So I think we can all agree that 2017 was a trash fire of a year. And while I’m cautiously optimistic that 2018 will be better, just in case, it’s good to have something to combat all the possible stress that this brand new year could unexpectedly unleash.

And there’s nothing quite as good to destress (that’s legally available) than virtual farming.

Harvest Moon is one of those classic video game series, like Mario or Zelda, with editions for most consoles, stretching back from Harvest Moon (1996) on the SNES, with following titles on the N64, Gamecube, the Wii, WiiU, on each Gameboy/DS/3DS handheld console, and the Switch. But far from being a Nintendo exclusive, you can also find these games made for the Playstation 1, 2, 3, the PSP and Vita. Last year Natsume even released games for Windows (available through the Steam store) and on Android. I can think of few other series with as wide a market reach. And all this for a simple farming game.

Keep in mind this list also includes the spinoff series (Rune Factory – which added dungeon crawling and fighting monsters to the usual farming gameplay) and the split which saw the North American distribution taken over by XSeed and create their own rival series, Story of Seasons. But as this was originally all once a part of the Harvest Moon brand, I’ll be including them in this discussion.

But what makes Harvest Moon such a successful franchise? Why have there been so many copycat games, most notably the thrillingly successful Stardew Valley (now even available on the Switch! Not bad for an indie title)? Why is a game with no combat, little customisation and no online multiplayer continually selling well enough to keep the franchise going for over twenty years? As someone who has played almost all of these games I think it comes down to a few factors.

 

It’s like real life but not.

Firstly, there’s something about simulation games that you don’t get in other genres. Here you are the master of your world. While you’re not quite playing God as you are in The Sims, Harvest Moon gives you a plot of land and says go at it. You are able to craft the farm of your dreams, cultivating whatever crops you desire, raising cows and sheep and chickens and (sometimes) pigs and goats and llamas, or not. You could also skip the farming all together and make your money from foraging in the local forest for berries and acorns, or become a professional fisherman, or miner. Or all of the above. The choice is yours.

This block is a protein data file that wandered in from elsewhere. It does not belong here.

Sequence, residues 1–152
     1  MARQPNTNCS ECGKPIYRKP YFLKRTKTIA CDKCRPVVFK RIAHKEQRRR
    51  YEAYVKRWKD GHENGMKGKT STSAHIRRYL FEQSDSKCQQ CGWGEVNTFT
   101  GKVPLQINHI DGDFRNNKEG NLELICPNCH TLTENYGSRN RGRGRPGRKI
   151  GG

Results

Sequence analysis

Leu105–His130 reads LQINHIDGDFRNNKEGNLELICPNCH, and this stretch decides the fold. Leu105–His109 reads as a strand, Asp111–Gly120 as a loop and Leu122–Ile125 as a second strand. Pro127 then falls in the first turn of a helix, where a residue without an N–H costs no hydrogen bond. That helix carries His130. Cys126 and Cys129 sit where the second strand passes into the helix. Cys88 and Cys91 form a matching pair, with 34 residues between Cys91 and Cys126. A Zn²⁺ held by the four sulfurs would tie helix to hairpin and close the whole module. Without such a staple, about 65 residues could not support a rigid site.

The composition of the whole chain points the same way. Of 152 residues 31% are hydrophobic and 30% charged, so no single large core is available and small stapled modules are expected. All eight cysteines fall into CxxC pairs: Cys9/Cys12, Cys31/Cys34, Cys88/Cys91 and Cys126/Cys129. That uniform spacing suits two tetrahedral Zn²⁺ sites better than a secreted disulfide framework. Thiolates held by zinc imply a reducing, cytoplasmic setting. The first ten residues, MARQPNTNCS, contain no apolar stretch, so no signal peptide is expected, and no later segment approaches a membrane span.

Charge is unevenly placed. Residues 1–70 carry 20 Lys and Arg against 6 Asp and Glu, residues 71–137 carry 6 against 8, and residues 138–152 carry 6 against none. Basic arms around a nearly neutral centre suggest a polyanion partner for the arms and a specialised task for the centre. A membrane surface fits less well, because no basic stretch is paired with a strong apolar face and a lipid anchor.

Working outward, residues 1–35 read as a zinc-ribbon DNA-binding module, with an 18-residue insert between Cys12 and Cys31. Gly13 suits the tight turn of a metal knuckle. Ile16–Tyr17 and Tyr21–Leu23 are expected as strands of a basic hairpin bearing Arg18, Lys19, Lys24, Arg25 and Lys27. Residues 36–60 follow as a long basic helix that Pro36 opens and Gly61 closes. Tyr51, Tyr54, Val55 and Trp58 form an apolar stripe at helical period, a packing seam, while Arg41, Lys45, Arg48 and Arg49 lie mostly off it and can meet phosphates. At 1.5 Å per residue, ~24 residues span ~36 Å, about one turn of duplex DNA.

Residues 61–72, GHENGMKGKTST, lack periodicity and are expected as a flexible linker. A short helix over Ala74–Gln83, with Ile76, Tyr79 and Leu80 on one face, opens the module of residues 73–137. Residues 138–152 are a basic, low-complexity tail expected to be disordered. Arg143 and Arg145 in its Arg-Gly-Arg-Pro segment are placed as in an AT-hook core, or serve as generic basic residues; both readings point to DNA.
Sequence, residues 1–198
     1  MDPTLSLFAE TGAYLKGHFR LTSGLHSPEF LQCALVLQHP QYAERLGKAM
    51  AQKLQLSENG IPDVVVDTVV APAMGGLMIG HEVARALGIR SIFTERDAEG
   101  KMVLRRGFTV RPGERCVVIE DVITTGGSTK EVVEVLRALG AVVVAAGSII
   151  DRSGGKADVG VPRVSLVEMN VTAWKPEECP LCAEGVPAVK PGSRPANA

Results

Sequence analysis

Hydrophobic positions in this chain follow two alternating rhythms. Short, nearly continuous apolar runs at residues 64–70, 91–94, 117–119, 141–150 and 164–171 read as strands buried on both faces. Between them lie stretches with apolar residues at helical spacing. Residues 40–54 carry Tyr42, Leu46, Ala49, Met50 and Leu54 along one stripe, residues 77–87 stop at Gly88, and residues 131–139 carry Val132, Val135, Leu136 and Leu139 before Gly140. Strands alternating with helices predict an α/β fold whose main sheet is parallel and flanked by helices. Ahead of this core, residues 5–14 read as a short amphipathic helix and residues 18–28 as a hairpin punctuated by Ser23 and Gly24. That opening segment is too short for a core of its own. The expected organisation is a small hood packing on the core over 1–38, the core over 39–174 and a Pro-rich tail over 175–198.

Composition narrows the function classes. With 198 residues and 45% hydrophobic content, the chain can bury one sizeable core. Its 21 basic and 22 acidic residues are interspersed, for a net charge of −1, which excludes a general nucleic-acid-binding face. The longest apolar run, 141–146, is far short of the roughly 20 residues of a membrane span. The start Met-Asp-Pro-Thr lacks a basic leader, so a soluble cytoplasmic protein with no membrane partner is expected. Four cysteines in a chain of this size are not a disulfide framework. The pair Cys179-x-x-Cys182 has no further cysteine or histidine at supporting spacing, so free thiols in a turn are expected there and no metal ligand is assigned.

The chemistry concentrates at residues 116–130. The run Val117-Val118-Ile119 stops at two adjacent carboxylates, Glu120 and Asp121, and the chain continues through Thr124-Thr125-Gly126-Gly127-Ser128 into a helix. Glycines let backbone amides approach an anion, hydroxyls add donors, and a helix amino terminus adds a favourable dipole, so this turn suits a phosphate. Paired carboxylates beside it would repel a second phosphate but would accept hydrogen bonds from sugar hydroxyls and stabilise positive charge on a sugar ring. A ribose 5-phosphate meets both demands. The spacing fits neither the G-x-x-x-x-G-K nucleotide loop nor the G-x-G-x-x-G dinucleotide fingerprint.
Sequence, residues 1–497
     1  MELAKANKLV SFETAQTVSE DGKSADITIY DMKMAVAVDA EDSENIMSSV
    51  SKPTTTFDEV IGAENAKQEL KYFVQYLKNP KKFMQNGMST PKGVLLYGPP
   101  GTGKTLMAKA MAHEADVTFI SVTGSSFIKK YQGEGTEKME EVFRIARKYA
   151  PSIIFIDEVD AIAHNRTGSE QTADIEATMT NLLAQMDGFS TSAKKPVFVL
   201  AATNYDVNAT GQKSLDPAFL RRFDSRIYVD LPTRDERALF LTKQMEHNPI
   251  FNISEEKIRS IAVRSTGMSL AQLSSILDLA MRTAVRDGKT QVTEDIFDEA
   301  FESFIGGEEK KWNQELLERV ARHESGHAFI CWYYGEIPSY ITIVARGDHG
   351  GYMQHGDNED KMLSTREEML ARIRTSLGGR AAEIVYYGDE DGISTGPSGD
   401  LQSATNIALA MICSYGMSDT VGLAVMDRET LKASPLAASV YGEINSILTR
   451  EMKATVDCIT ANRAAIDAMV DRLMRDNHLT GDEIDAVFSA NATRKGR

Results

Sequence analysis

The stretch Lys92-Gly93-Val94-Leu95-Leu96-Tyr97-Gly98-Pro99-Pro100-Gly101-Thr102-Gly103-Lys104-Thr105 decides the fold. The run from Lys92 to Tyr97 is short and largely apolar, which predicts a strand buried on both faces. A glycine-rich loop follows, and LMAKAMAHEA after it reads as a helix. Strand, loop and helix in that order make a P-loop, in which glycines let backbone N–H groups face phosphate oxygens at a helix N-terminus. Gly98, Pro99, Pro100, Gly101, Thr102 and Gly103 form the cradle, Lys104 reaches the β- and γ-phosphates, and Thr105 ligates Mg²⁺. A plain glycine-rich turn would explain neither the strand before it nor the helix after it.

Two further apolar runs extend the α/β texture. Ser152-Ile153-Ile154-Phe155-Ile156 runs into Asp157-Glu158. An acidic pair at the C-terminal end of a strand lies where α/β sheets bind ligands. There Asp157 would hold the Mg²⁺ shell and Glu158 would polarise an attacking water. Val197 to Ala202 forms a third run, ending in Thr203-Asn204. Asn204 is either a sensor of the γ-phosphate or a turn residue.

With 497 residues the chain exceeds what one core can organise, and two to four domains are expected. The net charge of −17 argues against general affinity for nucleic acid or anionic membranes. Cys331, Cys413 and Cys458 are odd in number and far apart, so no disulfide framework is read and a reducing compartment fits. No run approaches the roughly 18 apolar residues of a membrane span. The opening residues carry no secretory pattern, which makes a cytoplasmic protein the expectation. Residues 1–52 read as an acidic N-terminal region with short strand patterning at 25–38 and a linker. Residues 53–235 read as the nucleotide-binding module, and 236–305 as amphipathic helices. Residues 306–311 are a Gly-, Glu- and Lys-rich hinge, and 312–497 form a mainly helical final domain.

It’s also a romance sim.

In addition to farming, you’re expected to integrate into the local village community, court one lucky bachelor or bachelorette (depending on the game. Unfortunately same-sex couples are not an option, although you CAN have a “friendship ceremony” with a same-sex villager in Harvest Moon DS and Harvest Moon DS Cute), get married and (usually) have a child. Each game comes with a choice from about 5 (or 10) eligible young people each with their own backstory, personality and lists of likes and dislikes. Some games even feature romantic rivals, who will move in if you’re not fast enough, so get cracking on that daily gift-giving. Each romance option comes with a list of milestones and cutscene events which are the closest thing to an actual story plot in most of these games, and all lead up to the big moment where you can propose with a blue feather (the game’s version of an engagement ring). It’s usually possible to romance more than one person to get as many cutscenes as possible, but usually you need to pick just one guy or girl by the end. Just don’t expect any explicit reward at the end. This game is exceedingly PG and child-friendly. Even the process of becoming pregnant and having a kid is vague and random. And your new virtual family won’t necessarily help you with your farm and your child may never grow up (in most games anyway), which can be a bit existentially concerning, but it’s the milestone at which you could consider the game finished, because,